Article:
After a very changeable first day of April, we’re right back to bad habits, so to speak, with another intrusion of cold polar air from Canada. Yesterday’s 62 is just a pleasant memory now as we are faced with highs not exceeding the lower 40s both today and tomorrow. That is the average maximum for the end of February or early March. This is a typical spring in New England going through ups and downs. It’s a battle of the air masses and the cold usually is more victorious around here especially along the coast. Our climate is significantly controlled by the proximity to the ocean and that will be played out many times in the next couple months. While well inland locations enjoy warm ups, the coastal plain is immune to these spikes in temperature thanks to the long delay in warming up the immense sea. With any wind blowing in from the ocean, the cold will win and that will be the case this coming weekend when inland locations warm up to 56-60 on Sunday with coastal locations restricted to the 40s. Next week, the overall weather pattern will transition into a favorable one supporting a big warmup. The jet stream will lift northward and change orientation enabling a big ridge of high pressure to build over the southeastern states. The resultant southwesterly wind at most levels of the atmosphere will escort warmer air into the Northeast. Temperatures have a decent shot at rising into the 60s a week from today and then into the range of 70-75 the day after on April 10 as showers develop across northern New England. As long as no batches of cold air stream across eastern Canada and sneak down the coast as a backdoor cold front, we’ll be all set for the warmest weather we have enjoyed since October 20.

Specifically, today’s clear sky early this morning will yield to patches of passing cumulus clouds which might release a few flakes mainly over the Berkshires into the hills of Worcester County. The gusty westerly wind will add chill to the air and make it feel like the 30s this afternoon. The sky will become clear by early this evening and it will turn colder tonight by about 6 degrees so morning mins tomorrow will be all in the 20s! Expect an almost carbon copy tomorrow then a recovery to the lower 50s is anticipated for Thursday. After that, a wave of low pressure in the southern branch of the jet stream will be gathering Gulf of Mexico moisture and spreading a shield of rain into the Mid-Atlantic States later Thursday into Friday. Currently, it appears that the northern jet will be key in forcing the southern stream system out to sea south of New England. A cold front associated with this jet will dip into northern New England with patchy clouds and perhaps a few flurries or light rain showers over the mountains. Meantime, over southern New England, while some cloudiness will increase on Friday, it appears that only the lower Cape or more likely the islands will receive not much more than sprinkles later Friday afternoon. The cold front will shift south of the region Friday night and push the storm out to sea and high pressure will build in behind it making for a brisk northerly breeze Saturday morning. The zone of high pressure will close in on the region over the weekend turning our wind into the northeast then east so that will guarantee that chill along the coast with the warmer 50s inland. It should be bright and sunny through that period.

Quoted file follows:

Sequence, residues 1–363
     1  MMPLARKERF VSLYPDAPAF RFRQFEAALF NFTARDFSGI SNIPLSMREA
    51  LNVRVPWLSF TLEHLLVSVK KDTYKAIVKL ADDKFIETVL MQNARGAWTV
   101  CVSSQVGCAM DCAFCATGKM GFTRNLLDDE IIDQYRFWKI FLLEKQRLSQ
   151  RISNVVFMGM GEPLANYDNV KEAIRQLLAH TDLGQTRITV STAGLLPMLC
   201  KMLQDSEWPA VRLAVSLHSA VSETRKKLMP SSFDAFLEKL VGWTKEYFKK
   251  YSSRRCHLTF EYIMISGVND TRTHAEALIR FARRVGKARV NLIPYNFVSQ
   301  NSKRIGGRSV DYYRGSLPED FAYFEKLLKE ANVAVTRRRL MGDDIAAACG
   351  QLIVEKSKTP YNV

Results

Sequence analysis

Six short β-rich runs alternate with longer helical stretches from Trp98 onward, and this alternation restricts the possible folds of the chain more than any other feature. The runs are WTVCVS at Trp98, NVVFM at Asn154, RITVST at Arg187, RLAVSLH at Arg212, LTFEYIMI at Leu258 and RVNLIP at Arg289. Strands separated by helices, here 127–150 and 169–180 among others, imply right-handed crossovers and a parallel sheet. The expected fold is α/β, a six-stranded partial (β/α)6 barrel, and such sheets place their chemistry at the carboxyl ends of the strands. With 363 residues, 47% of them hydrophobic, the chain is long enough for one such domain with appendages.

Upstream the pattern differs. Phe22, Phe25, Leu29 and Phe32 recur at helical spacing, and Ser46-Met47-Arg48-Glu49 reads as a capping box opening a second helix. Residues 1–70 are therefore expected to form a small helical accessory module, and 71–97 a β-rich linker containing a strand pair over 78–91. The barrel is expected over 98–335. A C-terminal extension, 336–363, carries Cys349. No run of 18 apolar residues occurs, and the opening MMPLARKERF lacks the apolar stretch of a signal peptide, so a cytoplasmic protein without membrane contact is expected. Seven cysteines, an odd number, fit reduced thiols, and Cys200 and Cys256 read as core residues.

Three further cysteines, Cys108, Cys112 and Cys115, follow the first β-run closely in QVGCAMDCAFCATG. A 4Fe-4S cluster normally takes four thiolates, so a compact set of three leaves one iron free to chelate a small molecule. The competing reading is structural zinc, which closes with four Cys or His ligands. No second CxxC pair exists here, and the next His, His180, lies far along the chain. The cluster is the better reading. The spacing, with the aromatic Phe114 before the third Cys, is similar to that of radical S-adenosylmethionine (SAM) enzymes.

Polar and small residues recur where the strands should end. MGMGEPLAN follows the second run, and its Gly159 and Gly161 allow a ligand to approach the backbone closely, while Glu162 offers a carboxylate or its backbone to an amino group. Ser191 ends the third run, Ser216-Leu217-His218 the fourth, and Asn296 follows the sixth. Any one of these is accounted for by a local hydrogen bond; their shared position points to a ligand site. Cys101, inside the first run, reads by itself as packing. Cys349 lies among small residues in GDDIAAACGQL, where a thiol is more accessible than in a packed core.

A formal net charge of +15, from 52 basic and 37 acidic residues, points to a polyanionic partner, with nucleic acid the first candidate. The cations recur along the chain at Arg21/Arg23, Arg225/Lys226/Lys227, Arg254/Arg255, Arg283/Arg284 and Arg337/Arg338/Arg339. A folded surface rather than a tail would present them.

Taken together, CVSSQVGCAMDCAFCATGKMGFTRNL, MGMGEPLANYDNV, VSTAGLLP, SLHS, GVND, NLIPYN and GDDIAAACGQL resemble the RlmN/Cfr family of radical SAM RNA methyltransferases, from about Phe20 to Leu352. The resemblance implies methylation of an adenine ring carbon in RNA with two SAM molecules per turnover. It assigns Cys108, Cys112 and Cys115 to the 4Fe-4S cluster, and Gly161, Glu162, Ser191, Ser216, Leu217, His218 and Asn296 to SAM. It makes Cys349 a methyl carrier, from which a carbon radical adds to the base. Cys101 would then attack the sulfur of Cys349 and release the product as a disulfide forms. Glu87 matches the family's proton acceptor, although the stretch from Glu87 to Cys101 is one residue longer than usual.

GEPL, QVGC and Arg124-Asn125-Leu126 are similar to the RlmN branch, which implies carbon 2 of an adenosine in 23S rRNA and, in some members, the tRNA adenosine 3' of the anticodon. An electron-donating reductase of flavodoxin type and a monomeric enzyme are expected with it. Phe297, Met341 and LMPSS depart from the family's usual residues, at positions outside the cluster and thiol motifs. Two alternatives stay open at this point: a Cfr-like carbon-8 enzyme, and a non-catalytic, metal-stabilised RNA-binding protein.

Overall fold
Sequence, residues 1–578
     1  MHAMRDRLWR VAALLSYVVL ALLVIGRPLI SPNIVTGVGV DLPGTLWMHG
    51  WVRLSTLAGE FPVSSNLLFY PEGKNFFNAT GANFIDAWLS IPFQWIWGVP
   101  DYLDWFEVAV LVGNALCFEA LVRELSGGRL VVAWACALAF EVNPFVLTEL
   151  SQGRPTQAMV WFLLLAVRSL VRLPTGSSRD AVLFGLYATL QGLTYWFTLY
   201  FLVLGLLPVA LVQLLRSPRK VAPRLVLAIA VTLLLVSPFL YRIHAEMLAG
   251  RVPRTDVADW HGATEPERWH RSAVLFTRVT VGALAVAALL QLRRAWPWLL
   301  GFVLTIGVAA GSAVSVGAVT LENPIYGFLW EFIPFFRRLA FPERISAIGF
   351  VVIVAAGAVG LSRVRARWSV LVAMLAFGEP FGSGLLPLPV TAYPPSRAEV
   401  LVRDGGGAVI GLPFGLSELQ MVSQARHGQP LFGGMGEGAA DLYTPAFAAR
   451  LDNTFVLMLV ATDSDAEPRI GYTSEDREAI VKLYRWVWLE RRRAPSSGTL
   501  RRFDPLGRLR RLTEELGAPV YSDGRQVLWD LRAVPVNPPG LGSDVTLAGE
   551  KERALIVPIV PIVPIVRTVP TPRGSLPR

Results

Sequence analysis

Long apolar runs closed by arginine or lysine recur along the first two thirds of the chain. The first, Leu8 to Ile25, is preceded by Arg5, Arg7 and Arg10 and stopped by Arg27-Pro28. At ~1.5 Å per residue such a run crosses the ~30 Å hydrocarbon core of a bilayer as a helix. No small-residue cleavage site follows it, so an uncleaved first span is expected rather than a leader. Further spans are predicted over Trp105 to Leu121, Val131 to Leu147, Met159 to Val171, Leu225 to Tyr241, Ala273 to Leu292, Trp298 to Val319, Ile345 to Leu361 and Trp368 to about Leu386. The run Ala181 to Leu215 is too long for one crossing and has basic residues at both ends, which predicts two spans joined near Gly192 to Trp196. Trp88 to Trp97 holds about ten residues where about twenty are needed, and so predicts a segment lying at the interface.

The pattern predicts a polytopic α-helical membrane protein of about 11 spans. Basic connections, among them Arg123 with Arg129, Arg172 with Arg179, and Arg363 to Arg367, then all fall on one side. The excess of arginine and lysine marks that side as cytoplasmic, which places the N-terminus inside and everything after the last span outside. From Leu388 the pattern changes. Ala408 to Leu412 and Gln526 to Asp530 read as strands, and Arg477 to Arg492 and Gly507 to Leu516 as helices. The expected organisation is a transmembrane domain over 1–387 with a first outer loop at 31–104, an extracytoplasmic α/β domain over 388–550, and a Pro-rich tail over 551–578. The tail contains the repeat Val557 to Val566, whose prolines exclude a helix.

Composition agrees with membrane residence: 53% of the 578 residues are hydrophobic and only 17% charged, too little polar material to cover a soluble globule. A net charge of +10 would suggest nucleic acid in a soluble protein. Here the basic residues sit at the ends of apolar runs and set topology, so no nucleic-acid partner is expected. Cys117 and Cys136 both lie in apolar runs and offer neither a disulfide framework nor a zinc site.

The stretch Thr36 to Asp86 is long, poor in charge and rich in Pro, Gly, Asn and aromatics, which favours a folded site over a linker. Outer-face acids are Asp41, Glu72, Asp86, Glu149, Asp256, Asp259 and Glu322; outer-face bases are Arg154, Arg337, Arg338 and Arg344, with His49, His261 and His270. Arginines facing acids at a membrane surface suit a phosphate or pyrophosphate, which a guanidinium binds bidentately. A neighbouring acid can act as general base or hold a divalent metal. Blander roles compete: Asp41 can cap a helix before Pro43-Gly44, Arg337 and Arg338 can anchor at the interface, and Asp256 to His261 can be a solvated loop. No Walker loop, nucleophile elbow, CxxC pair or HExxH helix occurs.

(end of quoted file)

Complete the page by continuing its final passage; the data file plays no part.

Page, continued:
Todd Gutner posts a fresh blog late this afternoon or early evening and I shall return tomorrow morning.

Make it a great day!



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